Churches should evolve to recognize gay pastors

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Dear Editor:

I have been associated with a church that recently had the first of two votes, in effect, to disallow the ministry of gay pastors or the solemnizing of gay marriages.

The response of churches to people who are openly gay and who want to be part of a church community has been varied. These have ranged from active shunning of the gay person and also of his or her family on one end of the spectrum, to official endorsement of gay relationships on the other. Between these two poles there have been, I imagine, a range of other responses, often informal but also often clear and unequivocal. Churches base their responses to gay people on doctrine. Beyond the doctrine and religious ideas are individual and personal responses that can be quite emotional.

What are we to make of these strong responses?

I see a parallel to interracial marriages in the last century. For most of the 20th century, interracial marriages were rare but the emotional responses to these relationships could be strong. In a Sixties movie, “Guess Who’s Coming to Dinner?, Katherine Hepburn and Spencer Tracey play the parents in an upper middle-class family. They respond to the interracial relationship of their daughter to a black man (Sidney Poitier) with surprise and some pointed barbs at each other. As duelling parents they challenge each other, as these old stars of the screen could, in a prickly way about their attitudes and feelings. The transition from surprise to some understanding is the focus of the movie.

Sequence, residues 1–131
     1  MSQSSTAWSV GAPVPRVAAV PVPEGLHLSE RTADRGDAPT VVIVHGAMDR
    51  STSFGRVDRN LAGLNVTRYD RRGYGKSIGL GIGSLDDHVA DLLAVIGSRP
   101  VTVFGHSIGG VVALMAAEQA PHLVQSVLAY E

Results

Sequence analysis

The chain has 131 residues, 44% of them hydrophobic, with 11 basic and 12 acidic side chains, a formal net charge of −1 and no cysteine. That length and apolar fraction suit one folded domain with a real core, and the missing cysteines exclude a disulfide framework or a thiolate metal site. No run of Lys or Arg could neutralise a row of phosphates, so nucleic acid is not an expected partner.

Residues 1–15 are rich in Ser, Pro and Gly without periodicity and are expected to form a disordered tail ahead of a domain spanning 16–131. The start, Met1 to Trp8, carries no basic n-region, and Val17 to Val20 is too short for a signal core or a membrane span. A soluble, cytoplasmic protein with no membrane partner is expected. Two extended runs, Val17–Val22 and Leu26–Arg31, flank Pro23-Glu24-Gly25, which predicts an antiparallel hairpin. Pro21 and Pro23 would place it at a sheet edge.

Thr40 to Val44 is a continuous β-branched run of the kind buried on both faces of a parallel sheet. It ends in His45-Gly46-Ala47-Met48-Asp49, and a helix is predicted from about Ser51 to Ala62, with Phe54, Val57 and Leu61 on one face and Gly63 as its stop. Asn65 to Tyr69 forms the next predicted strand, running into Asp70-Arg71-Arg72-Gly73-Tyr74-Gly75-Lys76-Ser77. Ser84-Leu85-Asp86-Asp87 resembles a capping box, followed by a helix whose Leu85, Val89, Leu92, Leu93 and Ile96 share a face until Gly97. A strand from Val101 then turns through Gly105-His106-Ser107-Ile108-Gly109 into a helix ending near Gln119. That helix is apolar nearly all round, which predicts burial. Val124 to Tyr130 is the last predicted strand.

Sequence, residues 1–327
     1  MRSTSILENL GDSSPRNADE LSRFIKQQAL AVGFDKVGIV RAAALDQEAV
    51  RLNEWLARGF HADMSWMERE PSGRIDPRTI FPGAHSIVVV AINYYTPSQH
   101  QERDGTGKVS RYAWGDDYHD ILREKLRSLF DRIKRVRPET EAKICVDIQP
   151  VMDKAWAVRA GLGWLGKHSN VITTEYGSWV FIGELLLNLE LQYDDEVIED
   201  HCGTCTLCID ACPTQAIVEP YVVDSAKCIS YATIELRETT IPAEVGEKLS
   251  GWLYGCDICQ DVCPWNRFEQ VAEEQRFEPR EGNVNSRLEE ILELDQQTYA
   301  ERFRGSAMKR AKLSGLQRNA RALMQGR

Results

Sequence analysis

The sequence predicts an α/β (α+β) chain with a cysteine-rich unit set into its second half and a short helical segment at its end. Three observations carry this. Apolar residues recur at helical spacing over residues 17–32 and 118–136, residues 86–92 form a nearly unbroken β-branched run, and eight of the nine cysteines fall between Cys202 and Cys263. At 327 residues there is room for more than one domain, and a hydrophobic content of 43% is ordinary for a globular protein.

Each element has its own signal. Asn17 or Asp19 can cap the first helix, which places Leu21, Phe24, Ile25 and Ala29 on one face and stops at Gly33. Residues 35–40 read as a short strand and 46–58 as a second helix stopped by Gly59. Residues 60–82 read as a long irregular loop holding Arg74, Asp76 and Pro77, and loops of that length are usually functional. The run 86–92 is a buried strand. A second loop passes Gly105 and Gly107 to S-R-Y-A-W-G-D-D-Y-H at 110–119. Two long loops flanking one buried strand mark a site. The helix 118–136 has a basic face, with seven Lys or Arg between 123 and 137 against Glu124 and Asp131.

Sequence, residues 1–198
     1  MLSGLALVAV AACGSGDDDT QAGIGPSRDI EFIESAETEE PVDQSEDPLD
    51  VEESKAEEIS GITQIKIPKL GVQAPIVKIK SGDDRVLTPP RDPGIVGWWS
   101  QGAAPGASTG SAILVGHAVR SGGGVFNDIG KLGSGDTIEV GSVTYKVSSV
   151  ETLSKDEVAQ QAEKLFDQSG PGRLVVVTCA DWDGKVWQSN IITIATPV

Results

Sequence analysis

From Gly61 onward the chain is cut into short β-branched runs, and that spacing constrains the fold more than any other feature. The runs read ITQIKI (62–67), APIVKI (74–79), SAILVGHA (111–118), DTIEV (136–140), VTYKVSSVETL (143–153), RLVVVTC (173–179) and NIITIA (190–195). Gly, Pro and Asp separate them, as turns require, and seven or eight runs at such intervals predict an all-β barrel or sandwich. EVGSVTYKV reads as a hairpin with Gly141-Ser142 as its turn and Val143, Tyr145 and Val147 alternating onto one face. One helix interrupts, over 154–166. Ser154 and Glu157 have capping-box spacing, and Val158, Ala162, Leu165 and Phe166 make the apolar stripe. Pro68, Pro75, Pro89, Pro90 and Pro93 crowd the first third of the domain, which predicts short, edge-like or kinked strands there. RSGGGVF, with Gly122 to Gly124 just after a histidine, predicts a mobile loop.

In the U.S. south until quite recently interracial marriage was unheard of but in the last decade interracial marriage has become more frequent sometimes causing families of the married couple to step back if not out of the relationship with their married child. I believe the struggle these families and sometimes communities have with these marriages is the breaking of a traditional and long-time taboo. Attitudes and views have been there for centuries and no amount of legislation can quickly change them.

Reviewing my own 30-year multiracial marriage and the multiracial relationship I am in now, since my wife’s death, I can attest to the experience that these relationships are not always accepted or validated. Societies and the church have had a history in excluding different groups from full participation. Reflecting on their history requires that churches and societies take an unblinkered look at how and why beliefs develop and exist.

For individual churchgoers, church attendance gives a sense of community, often a sense of clarity and truth to their lives and a clear sense of personal morality. Max Weber, a sociologist, saw churches as having a valuable and unique social function as no other organization does. Carl Jung, a psychiatrist, saw religious beliefs as offering people a vision and assisting them in grappling with challenges such as illness, suffering and death.

Whether churches realize their potential for good right across society and their communities will vary but the notion of being the yeast or salt of the earth is no shallow metaphor. Individual churches could evolve through deep renewal in acknowledging and validating gay men and women who they know and see, and what this means to a God they do not see.

George Jason

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